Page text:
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Local date and time implementation

1.1.0 2019-02-10 14:13 UTC

This package is auto-updated.

Last update: 2022-04-10 21:54:43 UTC


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LocalDateTime is a lightweight wrapper around PHP's own DateTime object, allowing for smooth work with local date, time and date time without worrying about time zones. Each temporal object allows the same ways of comparision, modification and formatting as the underlying DateTime object.

Additionally this library comes with a wrapper around IntlDateFormatter, specifically aimed to format local temporals. For ease of integration, Doctrine types for these temporals are provided as well.


Install via composer:

$ composer require dasprid/local-date-time

Getting started

There are three temporal objects supplied:

  • DASPRiD\LocalDateTime\LocalDate
  • DASPRiD\LocalDateTime\LocalTime
  • DASPRiD\LocalDateTime\LocalDateTime

All of these are constructed in a similar fashion through named constructors. For simplicity, the following examples illustrate working with the LocalDate object.


A LocalDate object can be constructed in multiple ways:

use DASPRiD\LocalDateTime\LocalDate;

$date = LocalDate::createFromNow();
$date = LocalDate::create(2019, 12, 31);
$date = LocalDate::createFromFormat('Y-m-d', '2019-12-31');
$date = LocalDate::createFromDateTime(new DateTime('2019-12-31'));

When creating a LocalDate from a DateTime object, it will be interpreted in the time zone the DateTime object is set to. If you wish to interpret it in a different time zone, you must change it on the DateTime object beforehand.


As said before, the LocalDate supports the same modification methods as a regular DateTime object:

  • ::modify(string $modify) : self
  • ::add(DateInterval $interval) : self
  • ::sub(DateInterval $interval) : self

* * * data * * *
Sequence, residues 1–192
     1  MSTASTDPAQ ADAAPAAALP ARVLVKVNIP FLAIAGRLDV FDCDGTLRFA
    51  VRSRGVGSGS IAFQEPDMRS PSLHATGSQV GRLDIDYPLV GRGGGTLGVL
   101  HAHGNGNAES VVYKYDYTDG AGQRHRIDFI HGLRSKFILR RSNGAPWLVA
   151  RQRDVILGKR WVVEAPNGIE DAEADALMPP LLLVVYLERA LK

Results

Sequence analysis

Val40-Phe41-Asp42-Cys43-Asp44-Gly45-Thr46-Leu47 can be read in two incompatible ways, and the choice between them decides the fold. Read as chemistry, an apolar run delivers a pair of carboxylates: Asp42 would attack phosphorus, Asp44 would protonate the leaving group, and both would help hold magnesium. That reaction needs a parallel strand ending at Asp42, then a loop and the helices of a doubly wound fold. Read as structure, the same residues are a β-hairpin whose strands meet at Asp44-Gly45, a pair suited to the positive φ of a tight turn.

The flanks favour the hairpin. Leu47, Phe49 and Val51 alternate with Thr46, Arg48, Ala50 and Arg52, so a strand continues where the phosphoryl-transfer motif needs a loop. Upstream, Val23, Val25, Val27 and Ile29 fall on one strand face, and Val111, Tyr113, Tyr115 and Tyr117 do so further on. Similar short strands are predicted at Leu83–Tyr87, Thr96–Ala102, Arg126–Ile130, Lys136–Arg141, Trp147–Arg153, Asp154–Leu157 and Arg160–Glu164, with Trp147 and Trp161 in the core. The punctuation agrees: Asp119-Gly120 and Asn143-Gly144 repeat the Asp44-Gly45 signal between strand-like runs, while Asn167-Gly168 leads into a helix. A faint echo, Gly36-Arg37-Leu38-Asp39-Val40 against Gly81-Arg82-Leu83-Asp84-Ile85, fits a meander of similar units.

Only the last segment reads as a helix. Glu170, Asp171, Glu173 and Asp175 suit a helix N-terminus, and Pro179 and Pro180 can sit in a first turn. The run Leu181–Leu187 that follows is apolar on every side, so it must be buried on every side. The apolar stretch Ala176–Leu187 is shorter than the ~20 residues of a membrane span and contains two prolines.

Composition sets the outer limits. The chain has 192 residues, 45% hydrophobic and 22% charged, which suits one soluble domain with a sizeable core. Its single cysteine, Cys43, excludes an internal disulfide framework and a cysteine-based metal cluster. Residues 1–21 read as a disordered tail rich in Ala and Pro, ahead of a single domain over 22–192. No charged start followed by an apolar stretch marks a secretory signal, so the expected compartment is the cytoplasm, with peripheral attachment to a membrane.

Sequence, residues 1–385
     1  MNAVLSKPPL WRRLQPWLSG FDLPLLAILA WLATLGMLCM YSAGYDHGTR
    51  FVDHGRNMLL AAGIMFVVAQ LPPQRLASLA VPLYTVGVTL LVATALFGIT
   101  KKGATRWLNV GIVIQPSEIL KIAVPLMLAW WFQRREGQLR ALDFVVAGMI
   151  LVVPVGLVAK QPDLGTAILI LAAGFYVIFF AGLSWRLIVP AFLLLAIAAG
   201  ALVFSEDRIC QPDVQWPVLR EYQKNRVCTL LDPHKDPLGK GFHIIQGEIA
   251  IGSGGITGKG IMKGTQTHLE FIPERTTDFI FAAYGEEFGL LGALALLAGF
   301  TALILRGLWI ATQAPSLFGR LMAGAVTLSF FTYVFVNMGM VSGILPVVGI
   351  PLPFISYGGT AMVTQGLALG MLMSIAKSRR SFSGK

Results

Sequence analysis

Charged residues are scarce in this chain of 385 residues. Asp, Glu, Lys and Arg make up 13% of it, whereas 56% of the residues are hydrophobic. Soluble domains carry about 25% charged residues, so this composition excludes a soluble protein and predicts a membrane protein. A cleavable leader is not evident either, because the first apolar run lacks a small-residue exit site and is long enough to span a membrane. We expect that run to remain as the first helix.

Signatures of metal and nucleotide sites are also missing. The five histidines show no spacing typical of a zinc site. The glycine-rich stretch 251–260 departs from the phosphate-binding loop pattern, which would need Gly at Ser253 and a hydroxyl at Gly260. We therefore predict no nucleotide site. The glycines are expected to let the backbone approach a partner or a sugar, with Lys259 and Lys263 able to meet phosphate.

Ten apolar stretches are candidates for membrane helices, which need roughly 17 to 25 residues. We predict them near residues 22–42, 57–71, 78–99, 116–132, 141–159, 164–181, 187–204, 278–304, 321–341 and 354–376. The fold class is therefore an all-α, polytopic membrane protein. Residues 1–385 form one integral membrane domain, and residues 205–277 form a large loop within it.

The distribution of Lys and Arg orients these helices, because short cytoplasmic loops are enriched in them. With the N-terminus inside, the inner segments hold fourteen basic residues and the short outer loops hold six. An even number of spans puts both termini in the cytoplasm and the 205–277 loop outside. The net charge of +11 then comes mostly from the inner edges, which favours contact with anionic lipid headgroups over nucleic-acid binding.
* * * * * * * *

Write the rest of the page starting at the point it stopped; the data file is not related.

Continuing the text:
When a modification contains units not meant for temporal (e. g. hours for a LocalDate), it will be applied to the underlying DateTime object and afterwards removed. For instance:

use DASPRiD\LocalDateTime\LocalDate;

$date = LocalDate::create(2019, 12, 31);
$newDate = $date->modify('-1 hour');

// $newDate will now be 2019-12-30, with the internal DateTime time reset to 00:00:00


Comparision works exactly the same as with DateTime objects, except that since PHP code cannot override comparators, the following methods were made available:

  • ::compare(self $other) : int
  • ::isBefore(self $other) : bool
  • ::isAfter(self $other) : bool
  • ::isEqual(self $other) : bool
  • ::diff(self $other, bool $absolute = false) : DateInterval


Formatting also works the same as you are used to. Depending on the temporal object, specific formatting characters are not supported and will be returned as is. For instance, no local temporal supports time zone information, and a LocalDate cannot return any time information.

use DASPRiD\LocalDateTime\LocalDate;

$date = LocalDate::create(2019, 12, 31);
echo $date->format('d.m.Y');

// Outputs: 31.12.2019

To format a temporal in a specific locale other than English, you will need to use the IntlLocalDateFormatter, which requires ext-intl to be installed. To format the above date in a German locale, you'd do the following:

use DASPRiD\LocalDateTime\LocalDate;
use DASPRiD\LocalDateTime\IntlLocalDateFormatter;

$date = LocalDate::create(2019, 12, 31);
$formatter = IntlLocalDateFormatter::dateFormatter('de-DE', IntlDateFormatter::FULL);
echo $formatter->format($date);

Doctrine integration

To use the local temporals with Doctrine, the following Doctrine types are supplied:

  • DASPRiD\LocalDateTime\Doctrine\LocalDateType (name: localdate)
  • DASPRiD\LocalDateTime\Doctrine\LocalTimeType (name: localtime)
  • DASPRiD\LocalDateTime\Doctrine\LocalDateTimeType (name: localdatetime)